Graham Bond: Wading in Murky Waters

Duncan Heining By

Sign in to view read count
Organist and saxophonist Graham Bond was the most important and influential musical pioneer to emerge from British jazz in the 1960s. High praise indeed, but in his case it is warranted. His legacy might be defined less by the music he recorded and more by the impact he had on subsequent generations of musicians. However, that impact is such that one can with every justification suggest that he and his ORGANization invented jazz-rock. The success Bond craved and believed was rightfully his never came—as much as anything, he was a victim of his own desires and fantasies. These led inexorably to problems with drugs and bad career moves, which in turn stemmed from what was very clearly a deeply-flawed and perhaps damaged personality.

Harry Shapiro, in his biography of Bond The Mighty Shadow (Crossroads Press, 2004), pulls no punches. He hints that Bond's psychological difficulties may be traced back to the fact that he was an adopted child unable to resolve the questions of his abandonment and origins. The portrait that emerges is a complex one. Bond was a charmer and one still remembered with a combination of affection and frustration by those who knew and worked with him. Yet, he ripped people off, wasted his talent and, most serious of all, sexually abused teenage girls, including the daughter of his last wife Diane Stewart. In a business littered with the casualties of indulgence, there is a tendency to romanticize musicians and artists who skirt the limits of self-destruction and sometimes fall over that edge. Bond is much harder to romanticize—he was never going to end up "one of the guys" like Bill Wyman. He is—like Stan Kenton, who raped his own daughter and, less so perhaps, Joe Harriott, who physically assaulted several women in his life—an artist one may admire for their music but not as a man.

Repertoire's recent four CD box set—Wade in the Water: Classics, Origins and Oddities—calls for an appraisal and a reappraisal of both the music and the man. Issues over the ownership of rights to other sides—including the Warner Bros' set Solid Bond, the Vertigo albums Holy Magick and We Put Our Magick On You and the Stateside Pulsar LPs Mighty Grahame Bond and Love Is The Law—mean that Bond's later material isn't covered here. Nor is the live 1964 set, I Met The Blues at Klooks Kleek and neither is Bond's final album, Bond and Brown's Two Heads are Better than One, with co-leader Pete Brown.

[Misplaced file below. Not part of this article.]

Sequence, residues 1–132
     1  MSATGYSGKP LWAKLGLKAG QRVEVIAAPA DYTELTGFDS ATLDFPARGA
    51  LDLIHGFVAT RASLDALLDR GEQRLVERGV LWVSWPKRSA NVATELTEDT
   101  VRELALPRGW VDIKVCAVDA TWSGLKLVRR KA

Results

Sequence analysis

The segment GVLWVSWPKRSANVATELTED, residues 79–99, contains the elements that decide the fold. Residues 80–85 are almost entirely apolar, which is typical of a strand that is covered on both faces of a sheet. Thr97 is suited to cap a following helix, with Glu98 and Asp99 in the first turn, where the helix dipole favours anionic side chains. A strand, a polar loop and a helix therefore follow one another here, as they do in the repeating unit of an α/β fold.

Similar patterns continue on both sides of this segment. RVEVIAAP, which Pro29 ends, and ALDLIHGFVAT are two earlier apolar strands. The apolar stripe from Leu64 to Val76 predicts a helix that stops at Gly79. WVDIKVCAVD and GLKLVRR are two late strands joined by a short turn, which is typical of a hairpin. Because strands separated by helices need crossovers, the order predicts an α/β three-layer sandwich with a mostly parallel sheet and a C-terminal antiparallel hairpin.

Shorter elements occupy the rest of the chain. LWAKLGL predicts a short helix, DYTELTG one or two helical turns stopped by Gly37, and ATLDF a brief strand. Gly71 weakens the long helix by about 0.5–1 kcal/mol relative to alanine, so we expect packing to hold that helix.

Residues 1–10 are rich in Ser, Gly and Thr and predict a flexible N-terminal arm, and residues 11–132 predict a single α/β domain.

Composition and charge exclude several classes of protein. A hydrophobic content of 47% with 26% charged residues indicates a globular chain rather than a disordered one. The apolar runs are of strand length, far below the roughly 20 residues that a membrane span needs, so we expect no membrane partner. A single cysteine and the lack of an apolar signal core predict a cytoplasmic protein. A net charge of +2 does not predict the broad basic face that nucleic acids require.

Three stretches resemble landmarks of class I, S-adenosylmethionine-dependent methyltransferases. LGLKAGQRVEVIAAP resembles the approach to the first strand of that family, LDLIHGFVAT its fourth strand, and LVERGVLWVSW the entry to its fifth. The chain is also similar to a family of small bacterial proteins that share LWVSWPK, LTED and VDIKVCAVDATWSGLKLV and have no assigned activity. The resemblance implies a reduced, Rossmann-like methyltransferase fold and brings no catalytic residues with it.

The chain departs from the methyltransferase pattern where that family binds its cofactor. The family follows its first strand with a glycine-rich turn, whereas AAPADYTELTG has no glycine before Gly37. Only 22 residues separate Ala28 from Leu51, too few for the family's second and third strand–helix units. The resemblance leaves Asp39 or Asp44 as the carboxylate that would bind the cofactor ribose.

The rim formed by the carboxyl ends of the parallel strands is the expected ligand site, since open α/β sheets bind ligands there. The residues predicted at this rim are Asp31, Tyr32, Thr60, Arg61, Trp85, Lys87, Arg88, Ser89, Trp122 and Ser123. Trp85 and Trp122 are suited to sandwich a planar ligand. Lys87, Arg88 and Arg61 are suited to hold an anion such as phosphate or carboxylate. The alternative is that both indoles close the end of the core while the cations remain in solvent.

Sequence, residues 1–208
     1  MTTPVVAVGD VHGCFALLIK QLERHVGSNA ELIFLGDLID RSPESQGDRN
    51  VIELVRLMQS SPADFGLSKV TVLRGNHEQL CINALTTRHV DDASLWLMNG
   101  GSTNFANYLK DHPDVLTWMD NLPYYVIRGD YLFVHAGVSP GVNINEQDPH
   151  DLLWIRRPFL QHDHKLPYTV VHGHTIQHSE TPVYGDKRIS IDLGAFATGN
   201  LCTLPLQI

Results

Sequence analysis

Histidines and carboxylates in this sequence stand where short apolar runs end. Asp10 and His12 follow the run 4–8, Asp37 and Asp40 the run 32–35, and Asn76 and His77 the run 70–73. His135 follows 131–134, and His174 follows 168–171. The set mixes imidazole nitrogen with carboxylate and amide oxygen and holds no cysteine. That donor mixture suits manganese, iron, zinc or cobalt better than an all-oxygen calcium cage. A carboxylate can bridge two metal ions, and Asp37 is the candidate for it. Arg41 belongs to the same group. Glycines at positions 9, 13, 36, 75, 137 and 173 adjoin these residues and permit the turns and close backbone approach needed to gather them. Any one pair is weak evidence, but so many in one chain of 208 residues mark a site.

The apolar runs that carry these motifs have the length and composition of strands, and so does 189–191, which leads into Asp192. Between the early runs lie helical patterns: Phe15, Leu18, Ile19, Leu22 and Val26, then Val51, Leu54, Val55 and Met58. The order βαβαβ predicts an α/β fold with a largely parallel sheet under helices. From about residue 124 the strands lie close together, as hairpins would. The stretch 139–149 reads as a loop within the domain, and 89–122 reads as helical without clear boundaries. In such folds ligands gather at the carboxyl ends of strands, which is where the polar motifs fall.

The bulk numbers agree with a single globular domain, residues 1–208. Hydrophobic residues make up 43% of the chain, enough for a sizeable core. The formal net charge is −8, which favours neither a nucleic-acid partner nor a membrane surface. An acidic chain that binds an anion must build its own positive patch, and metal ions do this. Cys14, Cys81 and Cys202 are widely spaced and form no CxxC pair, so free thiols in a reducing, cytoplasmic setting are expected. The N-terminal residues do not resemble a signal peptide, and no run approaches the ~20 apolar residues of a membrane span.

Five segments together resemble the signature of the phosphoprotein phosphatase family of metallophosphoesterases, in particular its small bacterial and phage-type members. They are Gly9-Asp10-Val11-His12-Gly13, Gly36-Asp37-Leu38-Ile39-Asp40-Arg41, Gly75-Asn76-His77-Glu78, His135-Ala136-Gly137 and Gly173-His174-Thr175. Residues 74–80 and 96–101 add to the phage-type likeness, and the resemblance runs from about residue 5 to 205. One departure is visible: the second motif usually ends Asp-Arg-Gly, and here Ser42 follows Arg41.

Graham Bond Organization—Wade in the WaterThat does not, however, detract from the admirable job that Repertoire has done with this release. Despite somewhat inexplicable changes to the original running order of the two official EMI albums—There's a Bond Between Us and The Sound of '65—there are some intriguing outtakes, demos and live cuts, as well as sets recorded with singer Duffy Power, Winston Mankunku Ngozi and guitarist Ernest Ranglin—and the famous "Waltz For A Pig" that was the "B" side to The Who's Rolling Stones tribute, "The Last Time." The most important aspect of this release, however, is the quality of the remastering. For this, a great debt is owed to the late Dick Heckstall-Smith, to Pete Brown (who also provides the sleeve notes) and to producer Jon Astley. Those of us who never got to hear the GBO live might have wondered about the group's reputation, based largely on the sheer force and power of its live performances, which set it aside from many of its contemporaries. At last, that now comes across here.

There are inevitably shortcomings in a set such as this. Not all the material is up to the standard of the official recordings for Columbia-EMI, but any such disadvantage is generally offset by the sense of completeness offered here, at least up to early 1966 in Bond's career. There are, for example, seven versions of the GBO staple "Wade in the Water" on offer. What emerges is just how tight a unit the Organization was and how effectively these four highly distinctive musical talents merged and coalesced within the group. And this was despite the clash of egos between drummer Ginger Baker and bassist Jack Bruce and the bizarre and downright devious business practices of Bond himself.

The meat of this box really comes in the form of the official releases, though outtakes like "Positive aka HHCK Blues," a number of tracks from the post-Jack Bruce Organization featuring trumpeter Mike Falana and a few from the later GBO, with Jon Hiseman on drums, add valuable weight. For example, there's a beautifully nuanced version of "St. James Infirmary" with Mike Falana.


comments powered by Disqus

More Articles

Read Mark Turner: Grounded in a Spiritual World Profiles Mark Turner: Grounded in a Spiritual World
by Kurt Rosenwinkel
Published: October 17, 2017
Read Courtney Pine: Standing on the Shoulders of Giants Profiles Courtney Pine: Standing on the Shoulders of Giants
by David Burke
Published: October 16, 2017
Read Denys Baptiste: Making the Late Trane Accessible Profiles Denys Baptiste: Making the Late Trane Accessible
by David Burke
Published: October 10, 2017
Read BassDrumBone and the New Haven Jazz Renaissance Profiles BassDrumBone and the New Haven Jazz Renaissance
by Daniel Barbiero
Published: September 4, 2017
Read Glen Campbell: 1936-2017 Profiles Glen Campbell: 1936-2017
by C. Michael Bailey
Published: August 13, 2017

Join the staff. Writers Wanted!

Develop a column, write album reviews, cover live shows, or conduct interviews.